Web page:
THE funeral will take place on Monday of Joan Betts, the wife of the Rev Tony Betts from Knaresborough.
The couple moved to Northallerton last July when Rev Betts retired after 21 years working at St John’s Church. Joan sadly died on Friday, December 30, after a long illness.
She and her husband had celebrated their 41st wedding anniversary just the day before.
The funeral will be held at St John’s Church, Knaresborough, at noon.
Rev Betts paid this tribute to his wife:
Valerie Joan Betts (nee Morgan) was born on September 21, 1940. She grew up in Sedgley, near Wolverhampton, one of four children, and was known by her middle name, Joan. Her father had his own local haulage business.
Joan went to Leeds University to study Maths and Physics and met Tony there when he was studying Chemistry. After graduation, Joan did a year’s course at Manchester to qualify as a Teacher of the Deaf and Tony went to Wells Theological College.
The couple became engaged in February 1964 and were married at Wells Cathedral in December.
The pair moved to Leeds when Tony had the chance of starting ordained ministry at All Hallows, Hyde Park. They remained in Leeds until 1984 when they moved to Knaresborough.
During her time in Leeds, Joan had resumed her teaching career after having had her four children, David, Susan, Alistair and Matthew. She never had ambitions to become what she saw as a typical vicar’s wife – running the Mothers’ Union, organising the flower ladies (that was to come later!), acting as Lady Muck but living in the shadow of her husband. She wanted to be a person in her own right, being a young mum with a career outside the home and accepted alongside all the other women in church. In this ambition she succeeded wonderfully, and by doing so inevitably was a tower of strength to Tony and the children.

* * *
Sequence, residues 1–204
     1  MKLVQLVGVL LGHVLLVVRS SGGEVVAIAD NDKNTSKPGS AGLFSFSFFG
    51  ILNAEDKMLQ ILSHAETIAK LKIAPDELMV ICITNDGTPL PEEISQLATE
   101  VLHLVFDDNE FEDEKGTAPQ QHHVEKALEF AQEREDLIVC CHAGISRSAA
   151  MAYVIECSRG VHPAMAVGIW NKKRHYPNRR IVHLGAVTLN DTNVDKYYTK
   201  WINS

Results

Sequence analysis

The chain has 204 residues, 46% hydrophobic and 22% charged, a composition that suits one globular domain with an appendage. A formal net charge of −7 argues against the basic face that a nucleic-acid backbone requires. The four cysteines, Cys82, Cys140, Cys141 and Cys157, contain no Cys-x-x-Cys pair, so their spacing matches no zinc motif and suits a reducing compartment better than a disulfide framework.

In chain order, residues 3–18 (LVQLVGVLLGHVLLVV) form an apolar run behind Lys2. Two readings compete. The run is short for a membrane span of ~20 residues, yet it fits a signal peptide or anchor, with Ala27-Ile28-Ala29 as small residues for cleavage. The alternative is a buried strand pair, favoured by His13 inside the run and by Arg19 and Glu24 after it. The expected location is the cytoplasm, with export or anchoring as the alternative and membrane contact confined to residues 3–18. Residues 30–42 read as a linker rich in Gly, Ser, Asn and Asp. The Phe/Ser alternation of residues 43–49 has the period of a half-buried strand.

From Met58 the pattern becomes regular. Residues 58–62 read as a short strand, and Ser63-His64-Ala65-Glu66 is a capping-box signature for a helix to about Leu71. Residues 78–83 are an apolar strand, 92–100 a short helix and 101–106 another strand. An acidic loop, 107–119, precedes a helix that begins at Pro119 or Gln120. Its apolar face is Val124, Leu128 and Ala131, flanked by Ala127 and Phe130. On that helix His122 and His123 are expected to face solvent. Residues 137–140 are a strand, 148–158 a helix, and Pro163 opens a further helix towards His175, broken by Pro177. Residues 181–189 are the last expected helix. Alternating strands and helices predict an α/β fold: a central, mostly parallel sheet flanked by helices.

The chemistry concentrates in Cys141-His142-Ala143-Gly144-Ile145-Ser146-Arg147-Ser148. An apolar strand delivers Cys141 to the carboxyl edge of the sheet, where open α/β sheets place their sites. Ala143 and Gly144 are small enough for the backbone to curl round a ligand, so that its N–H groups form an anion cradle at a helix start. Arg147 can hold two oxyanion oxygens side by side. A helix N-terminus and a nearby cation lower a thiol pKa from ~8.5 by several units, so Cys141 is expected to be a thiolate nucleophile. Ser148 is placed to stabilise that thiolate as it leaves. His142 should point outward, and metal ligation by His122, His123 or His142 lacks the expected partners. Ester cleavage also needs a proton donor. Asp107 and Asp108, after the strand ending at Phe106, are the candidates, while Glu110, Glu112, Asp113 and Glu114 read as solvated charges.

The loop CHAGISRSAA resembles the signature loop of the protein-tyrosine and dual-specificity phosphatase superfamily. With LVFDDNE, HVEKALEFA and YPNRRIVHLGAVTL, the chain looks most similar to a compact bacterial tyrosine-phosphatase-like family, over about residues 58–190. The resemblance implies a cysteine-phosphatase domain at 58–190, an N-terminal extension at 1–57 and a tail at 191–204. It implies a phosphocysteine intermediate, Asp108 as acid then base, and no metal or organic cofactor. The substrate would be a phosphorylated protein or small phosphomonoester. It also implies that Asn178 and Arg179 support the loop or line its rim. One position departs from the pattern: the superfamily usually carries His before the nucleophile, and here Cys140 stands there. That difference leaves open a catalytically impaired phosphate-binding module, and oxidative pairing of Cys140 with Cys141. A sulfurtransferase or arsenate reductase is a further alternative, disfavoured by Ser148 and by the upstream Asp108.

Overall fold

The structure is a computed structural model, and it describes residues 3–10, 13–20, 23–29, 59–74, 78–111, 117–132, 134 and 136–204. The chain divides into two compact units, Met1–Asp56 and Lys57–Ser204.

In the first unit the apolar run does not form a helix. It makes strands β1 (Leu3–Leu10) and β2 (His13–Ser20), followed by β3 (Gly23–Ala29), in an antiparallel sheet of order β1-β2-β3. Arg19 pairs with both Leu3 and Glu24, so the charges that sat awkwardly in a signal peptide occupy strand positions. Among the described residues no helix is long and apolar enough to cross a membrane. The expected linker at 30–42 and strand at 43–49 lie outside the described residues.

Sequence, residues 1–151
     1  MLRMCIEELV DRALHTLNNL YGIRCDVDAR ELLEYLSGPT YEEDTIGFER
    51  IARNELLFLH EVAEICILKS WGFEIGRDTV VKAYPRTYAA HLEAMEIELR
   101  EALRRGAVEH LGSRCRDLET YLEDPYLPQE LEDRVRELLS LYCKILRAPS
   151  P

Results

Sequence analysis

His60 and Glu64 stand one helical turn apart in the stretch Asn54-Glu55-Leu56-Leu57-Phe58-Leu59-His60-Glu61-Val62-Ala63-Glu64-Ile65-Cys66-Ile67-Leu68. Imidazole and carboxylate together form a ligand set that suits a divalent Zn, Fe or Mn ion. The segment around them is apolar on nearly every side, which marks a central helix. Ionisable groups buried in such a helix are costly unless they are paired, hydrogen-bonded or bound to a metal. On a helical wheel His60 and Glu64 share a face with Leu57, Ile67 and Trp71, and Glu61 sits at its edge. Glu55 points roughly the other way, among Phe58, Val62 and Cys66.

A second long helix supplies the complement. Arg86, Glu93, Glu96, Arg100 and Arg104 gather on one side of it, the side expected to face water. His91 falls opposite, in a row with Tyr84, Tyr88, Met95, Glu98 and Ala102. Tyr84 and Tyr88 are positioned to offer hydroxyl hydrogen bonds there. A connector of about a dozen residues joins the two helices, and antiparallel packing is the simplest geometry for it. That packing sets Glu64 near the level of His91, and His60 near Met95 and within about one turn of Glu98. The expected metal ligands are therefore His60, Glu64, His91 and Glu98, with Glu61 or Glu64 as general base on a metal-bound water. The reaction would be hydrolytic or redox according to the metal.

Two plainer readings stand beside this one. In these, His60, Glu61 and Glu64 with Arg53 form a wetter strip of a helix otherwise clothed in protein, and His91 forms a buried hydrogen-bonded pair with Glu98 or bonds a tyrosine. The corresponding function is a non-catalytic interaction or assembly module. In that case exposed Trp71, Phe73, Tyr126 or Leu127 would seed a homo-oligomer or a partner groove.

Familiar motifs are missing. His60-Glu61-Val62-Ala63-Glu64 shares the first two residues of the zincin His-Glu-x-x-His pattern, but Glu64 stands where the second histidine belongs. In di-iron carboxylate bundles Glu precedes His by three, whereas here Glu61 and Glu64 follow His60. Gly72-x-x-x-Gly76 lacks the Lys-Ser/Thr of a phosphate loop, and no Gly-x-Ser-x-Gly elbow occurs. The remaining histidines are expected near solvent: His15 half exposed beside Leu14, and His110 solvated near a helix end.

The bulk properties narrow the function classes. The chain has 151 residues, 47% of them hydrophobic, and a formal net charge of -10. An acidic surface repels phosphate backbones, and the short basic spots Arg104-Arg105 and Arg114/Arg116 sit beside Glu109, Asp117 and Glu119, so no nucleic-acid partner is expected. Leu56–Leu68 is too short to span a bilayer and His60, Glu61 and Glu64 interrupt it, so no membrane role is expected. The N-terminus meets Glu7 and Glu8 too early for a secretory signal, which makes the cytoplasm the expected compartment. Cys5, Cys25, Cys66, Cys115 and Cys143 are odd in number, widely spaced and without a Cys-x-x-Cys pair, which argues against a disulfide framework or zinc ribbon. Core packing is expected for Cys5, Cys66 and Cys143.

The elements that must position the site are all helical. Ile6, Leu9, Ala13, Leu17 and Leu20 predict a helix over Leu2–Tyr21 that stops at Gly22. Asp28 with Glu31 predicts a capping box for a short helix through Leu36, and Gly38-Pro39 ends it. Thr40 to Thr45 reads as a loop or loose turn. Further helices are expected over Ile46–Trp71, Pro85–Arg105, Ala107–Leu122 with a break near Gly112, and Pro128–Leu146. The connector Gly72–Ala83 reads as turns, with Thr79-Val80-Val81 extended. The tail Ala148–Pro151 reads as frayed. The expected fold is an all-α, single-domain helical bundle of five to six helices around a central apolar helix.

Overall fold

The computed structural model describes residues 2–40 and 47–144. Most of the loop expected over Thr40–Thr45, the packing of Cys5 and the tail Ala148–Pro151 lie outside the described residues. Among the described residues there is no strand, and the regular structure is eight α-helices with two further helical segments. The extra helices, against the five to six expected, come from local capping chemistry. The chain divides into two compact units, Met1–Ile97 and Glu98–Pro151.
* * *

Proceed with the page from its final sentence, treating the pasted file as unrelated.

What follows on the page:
When the family moved to Knaresborough, Joan kept her teaching job in Leeds.
She was practical and talented as the family’s housekeeper: cooking, sewing and knitting, repairing, mending and baking, always with a smile, always patient and never a word of complaint.
Joan withdrew a little from teaching after Tony had an operation in May 2002, and eventually taught part-time and cultivated her skills as a nurse and carer.
Joan’s activities were reduced by an operation she had two years ago, and then crucially by the cancer which returned to her lungs about a year ago.
Joan was admired and dearly loved by all who came into contact with her, not least Tony and their children and grandchildren.
Her Christian faith, like so many aspects of her life, was so strong but so understated, and was her bulwark through times good and hard. We all miss her dreadfully, and pray that she may rest in peace.